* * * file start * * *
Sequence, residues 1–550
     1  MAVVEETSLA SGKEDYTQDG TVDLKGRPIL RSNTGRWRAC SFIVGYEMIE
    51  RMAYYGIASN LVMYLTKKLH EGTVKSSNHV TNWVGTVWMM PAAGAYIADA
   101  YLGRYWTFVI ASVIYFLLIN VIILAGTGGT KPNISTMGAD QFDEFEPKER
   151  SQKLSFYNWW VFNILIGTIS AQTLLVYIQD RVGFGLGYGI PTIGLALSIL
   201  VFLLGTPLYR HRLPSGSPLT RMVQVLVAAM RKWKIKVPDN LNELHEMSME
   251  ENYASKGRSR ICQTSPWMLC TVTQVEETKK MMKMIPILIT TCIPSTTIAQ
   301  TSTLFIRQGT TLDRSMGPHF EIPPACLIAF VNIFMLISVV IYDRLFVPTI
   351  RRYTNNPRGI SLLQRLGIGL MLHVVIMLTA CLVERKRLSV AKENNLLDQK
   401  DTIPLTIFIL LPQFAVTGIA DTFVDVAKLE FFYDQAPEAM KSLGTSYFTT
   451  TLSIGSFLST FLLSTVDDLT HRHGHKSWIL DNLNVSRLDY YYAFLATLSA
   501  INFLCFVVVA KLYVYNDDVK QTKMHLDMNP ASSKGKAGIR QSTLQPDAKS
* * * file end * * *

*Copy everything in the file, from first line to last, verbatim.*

Sequence, residues 1–550
     1  MAVVEETSLA SGKEDYTQDG TVDLKGRPIL RSNTGRWRAC SFIVGYEMIE
    51  RMAYYGIASN LVMYLTKKLH EGTVKSSNHV TNWVGTVWMM PAAGAYIADA
   101  YLGRYWTFVI ASVIYFLLIN VIILAGTGGT KPNISTMGAD QFDEFEPKER
   151  SQKLSFYNWW VFNILIGTIS AQTLLVYIQD RVGFGLGYGI PTIGLALSIL
   201  VFLLGTPLYR HRLPSGSPLT RMVQVLVAAM RKWKIKVPDN LNELHEMSME
   251  ENYASKGRSR ICQTSPWMLC TVTQVEETKK MMKMIPILIT TCIPSTTIAQ
   301  TSTLFIRQGT TLDRSMGPHF EIPPACLIAF VNIFMLISVV IYDRLFVPTI
   351  RRYTNNPRGI SLLQRLGIGL MLHVVIMLTA CLVERKRLSV AKENNLLDQK
   401  DTIPLTIFIL LPQFAVTGIA DTFVDVAKLE FFYDQAPEAM KSLGTSYFTT
   451  TLSIGSFLST FLLSTVDDLT HRHGHKSWIL DNLNVSRLDY YYAFLATLSA
   501  INFLCFVVVA KLYVYNDDVK QTKMHLDMNP ASSKGKAGIR QSTLQPDAKS